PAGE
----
06/13/2012 11:28 am ET Updated Dec 06, 2017

Cliff Roth Makes Digital Speed Paintings Using Google+ Hangouts (VIDEOS, INTERVIEW)

Since the launch of Google+, Cliff Roth has been painting people online, from regular guys to Guy Kawasaki, the beloved former Macintosh cult leader and best-selling author. Roth uses the Google+ Hangouts on Air feature to digitally "paint" people's portraits in under 15 minutes. His press rep wrote, "Think of him as a virtual version of a street caricature artist." To find out more, we asked Roth a few questions via e-mail. His responses are below; scroll down for a slideshow.


HP: When did you start doing digital paintings?

CR: I started painting people in Hangouts back in summer 2011. I have a circle of those "to be speedpainted" who get invited first when I host a Speedpaint Hangout. I then paint them in order of arrival and get as many done as i have time for. The only way to be guaranteed getting one is by paying a small fee. Other than that it is luck of the draw (pun intended).

I started digitally painting caricatures a couple years ago. When I realized a caricature didn't need to be the cartoony type you see at amusement parks something clicked. Prior to that I was doing primarily straight portraits in colored pencil or regular pencil. I transfered to digital because there is less prep time and I can get a lot more detail done. I can also experiment more to get the right look.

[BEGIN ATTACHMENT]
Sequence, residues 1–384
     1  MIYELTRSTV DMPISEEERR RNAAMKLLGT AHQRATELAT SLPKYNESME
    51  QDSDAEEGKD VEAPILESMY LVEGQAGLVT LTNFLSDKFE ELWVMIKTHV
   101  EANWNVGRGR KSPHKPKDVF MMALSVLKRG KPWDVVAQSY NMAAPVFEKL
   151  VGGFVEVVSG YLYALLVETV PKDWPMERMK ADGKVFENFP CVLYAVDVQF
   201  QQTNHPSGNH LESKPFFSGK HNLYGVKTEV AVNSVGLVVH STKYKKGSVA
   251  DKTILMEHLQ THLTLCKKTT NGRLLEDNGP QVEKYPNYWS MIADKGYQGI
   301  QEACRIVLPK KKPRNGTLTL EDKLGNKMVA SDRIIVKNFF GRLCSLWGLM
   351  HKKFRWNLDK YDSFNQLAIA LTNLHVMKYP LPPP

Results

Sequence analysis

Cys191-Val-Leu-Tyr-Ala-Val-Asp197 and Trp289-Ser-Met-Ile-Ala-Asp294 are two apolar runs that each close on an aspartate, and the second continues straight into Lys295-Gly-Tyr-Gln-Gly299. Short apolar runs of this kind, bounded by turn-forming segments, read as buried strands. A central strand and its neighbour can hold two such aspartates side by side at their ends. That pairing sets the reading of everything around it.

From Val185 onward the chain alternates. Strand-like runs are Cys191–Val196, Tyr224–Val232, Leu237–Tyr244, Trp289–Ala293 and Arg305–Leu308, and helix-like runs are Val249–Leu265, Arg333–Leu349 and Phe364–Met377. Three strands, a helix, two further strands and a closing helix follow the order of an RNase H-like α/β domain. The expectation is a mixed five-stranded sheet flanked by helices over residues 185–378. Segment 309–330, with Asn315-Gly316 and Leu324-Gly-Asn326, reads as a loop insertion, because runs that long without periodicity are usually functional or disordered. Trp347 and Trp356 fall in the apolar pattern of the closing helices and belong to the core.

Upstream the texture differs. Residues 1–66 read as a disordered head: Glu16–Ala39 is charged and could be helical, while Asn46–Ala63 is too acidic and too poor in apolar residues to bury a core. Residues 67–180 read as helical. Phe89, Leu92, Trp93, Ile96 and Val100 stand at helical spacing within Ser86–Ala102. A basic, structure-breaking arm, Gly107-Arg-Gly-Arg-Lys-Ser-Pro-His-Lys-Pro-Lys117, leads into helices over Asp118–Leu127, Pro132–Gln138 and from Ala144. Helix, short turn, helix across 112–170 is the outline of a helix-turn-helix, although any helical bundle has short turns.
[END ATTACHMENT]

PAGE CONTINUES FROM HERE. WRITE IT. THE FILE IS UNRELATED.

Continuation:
HP: How do you create a digital painting? What's the process?

CR: That varies a bit by whether it is a speedpainting or a fully rendered piece. These few videos here, here, and here can answer [the question].

HP: What's been your favorite creation so far?

Noam Chomsky, followed closely by Tim Jones.

HP: What's next for drawing, technically speaking? How would you like to see G+ evolve?

CR: I am normally nowhere near the cutting edge of technology (I know that sounds strange coming from someone using a Wacom Cintiq to paint with but its true). I suspect it will probably have something to do with tapping directly into the brain and by passing the need to draw at all. If we could get an image on screen exactly as we imagine it without having to draw it, that would be pretty amazing. Yet scary.

Cliff Roth